by Eric van der Vlist is published by O'Reilly & Associates (ISBN: 0596004214)

RELAX NG's Diverse Applications

RELAX NG's tight focus doesn't mean that RELAX NG is a niche language meant to be limited to its original goal. RELAX NG may well follow the path of XSLT (also developed by James Clark). While XSLT's development was focused strictly on document transformation for formatting, it has become the Swiss Army knife of XML developers. XSLT use has gone well beyond its expected boundaries, in large part because it solves key problems effectively.

The same will likely happen with RELAX NG.

Recently, I had to write a converter for a flat, non-XML format into XML. The structure of the resulting document was described by a non-RELAX NG schema. After various hacks to map the 400 different bits of information of this flat structure into elements and attributes, I found that the easiest way to map them to XML was by using a RELAX NG schema.

I transformed the schema of the destination XML vocabulary into a simple RELAX NG schema. A Python program then walked through that structure, parsing the flat document and dispatching the information items to where they belonged. This was made easy by the uncluttered simplicity of the syntax of RELAX NG. The process would have taken much more time with any other schema language.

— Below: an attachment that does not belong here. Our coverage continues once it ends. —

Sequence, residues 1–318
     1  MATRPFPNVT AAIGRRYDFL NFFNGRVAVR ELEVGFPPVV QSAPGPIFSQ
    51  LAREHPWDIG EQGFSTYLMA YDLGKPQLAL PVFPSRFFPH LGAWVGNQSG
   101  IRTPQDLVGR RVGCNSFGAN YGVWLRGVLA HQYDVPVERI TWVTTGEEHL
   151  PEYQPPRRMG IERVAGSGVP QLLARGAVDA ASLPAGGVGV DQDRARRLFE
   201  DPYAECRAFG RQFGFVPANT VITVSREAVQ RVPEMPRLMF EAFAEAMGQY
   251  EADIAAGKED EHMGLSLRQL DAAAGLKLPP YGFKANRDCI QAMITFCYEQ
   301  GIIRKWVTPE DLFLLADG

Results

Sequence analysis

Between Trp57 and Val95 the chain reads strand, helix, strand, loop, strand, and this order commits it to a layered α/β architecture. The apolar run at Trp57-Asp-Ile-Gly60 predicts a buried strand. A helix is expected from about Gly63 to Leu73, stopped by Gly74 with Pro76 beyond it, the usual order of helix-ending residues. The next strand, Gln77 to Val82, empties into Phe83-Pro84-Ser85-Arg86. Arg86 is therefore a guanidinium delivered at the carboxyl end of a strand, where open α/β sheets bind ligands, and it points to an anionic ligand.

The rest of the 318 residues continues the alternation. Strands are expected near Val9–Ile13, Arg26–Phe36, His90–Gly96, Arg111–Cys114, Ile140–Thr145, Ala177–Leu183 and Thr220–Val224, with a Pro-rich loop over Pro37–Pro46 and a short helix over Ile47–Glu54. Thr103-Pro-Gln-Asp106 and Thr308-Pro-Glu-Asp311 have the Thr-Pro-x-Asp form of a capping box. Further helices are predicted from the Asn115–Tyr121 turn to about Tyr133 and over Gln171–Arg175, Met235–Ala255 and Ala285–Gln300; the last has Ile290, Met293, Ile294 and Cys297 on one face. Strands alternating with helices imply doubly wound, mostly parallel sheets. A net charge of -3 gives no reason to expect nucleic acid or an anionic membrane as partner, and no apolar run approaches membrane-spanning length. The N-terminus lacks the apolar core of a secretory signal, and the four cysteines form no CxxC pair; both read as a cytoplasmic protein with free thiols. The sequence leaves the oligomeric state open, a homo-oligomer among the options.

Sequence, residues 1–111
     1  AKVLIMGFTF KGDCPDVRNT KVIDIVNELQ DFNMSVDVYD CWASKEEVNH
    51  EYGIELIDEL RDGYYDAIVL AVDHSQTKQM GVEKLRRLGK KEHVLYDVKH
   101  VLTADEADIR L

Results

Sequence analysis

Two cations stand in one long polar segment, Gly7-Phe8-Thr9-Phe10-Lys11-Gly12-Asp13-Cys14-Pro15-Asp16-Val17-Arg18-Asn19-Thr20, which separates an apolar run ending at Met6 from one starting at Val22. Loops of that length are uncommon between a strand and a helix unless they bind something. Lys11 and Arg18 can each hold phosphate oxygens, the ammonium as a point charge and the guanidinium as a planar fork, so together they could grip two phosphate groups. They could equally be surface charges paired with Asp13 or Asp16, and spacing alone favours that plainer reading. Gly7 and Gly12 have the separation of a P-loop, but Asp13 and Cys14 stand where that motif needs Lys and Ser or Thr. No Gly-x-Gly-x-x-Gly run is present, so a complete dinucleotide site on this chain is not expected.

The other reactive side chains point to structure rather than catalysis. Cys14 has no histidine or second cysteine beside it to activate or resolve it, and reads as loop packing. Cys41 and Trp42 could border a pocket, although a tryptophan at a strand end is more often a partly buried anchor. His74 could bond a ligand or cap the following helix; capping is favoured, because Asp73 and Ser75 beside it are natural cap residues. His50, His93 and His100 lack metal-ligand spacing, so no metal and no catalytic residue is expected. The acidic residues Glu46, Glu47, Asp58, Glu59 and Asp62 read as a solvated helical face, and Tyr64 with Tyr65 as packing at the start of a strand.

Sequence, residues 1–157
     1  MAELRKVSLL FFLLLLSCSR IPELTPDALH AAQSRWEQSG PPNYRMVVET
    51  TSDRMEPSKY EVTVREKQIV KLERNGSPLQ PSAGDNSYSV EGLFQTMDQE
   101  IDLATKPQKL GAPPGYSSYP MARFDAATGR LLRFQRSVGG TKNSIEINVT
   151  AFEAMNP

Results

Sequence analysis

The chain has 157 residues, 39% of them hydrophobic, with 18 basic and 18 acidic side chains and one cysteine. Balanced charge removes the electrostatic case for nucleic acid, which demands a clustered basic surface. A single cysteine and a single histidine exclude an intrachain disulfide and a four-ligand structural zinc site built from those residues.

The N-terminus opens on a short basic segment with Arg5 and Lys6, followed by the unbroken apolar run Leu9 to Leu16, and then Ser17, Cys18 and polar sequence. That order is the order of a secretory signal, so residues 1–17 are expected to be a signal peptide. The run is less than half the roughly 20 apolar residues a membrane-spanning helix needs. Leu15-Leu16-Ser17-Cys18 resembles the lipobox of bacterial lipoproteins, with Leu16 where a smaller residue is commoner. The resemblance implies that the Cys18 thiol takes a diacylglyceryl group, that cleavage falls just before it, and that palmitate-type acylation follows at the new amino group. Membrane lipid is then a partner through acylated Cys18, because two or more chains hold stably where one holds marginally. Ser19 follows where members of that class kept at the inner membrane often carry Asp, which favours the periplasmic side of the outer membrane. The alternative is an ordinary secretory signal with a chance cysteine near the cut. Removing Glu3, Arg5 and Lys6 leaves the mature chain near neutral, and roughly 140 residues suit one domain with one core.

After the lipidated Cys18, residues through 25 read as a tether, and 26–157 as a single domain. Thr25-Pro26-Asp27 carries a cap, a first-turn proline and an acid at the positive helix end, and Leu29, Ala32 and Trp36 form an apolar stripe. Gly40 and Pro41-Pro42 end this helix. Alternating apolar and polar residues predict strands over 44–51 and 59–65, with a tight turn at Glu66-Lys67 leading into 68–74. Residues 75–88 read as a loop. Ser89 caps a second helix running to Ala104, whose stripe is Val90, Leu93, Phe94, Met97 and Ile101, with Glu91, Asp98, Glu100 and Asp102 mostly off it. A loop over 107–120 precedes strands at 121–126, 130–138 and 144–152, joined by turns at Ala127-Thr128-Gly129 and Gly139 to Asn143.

Another example is taken from RELAX NG itself. As you will discover in Chapter 4, a non-XML compact syntax is available for RELAX NG. This syntax is defined using an EBNF (Extended Backus-Naur Form) grammar. Knowing James Clark, I was sure he had generated it from XML. When I wrote the reference guide for this syntax (Chapter 18), I asked him to send me the source of this grammar as XML. I was expecting a format like the DocBook EBNF module, but instead, of course, he sent a RELAX NG schema! The syntax of RELAX NG is flexible enough to describe the productions of an EBNF grammar. Chapter 18 was generated using this schema. It's a summary that doesn't completely respect the semantics and restrictions of RELAX NG, but RELAX NG is still a useful way to describe this EBNF.

This text is released under the Free Software Foundation GFDL.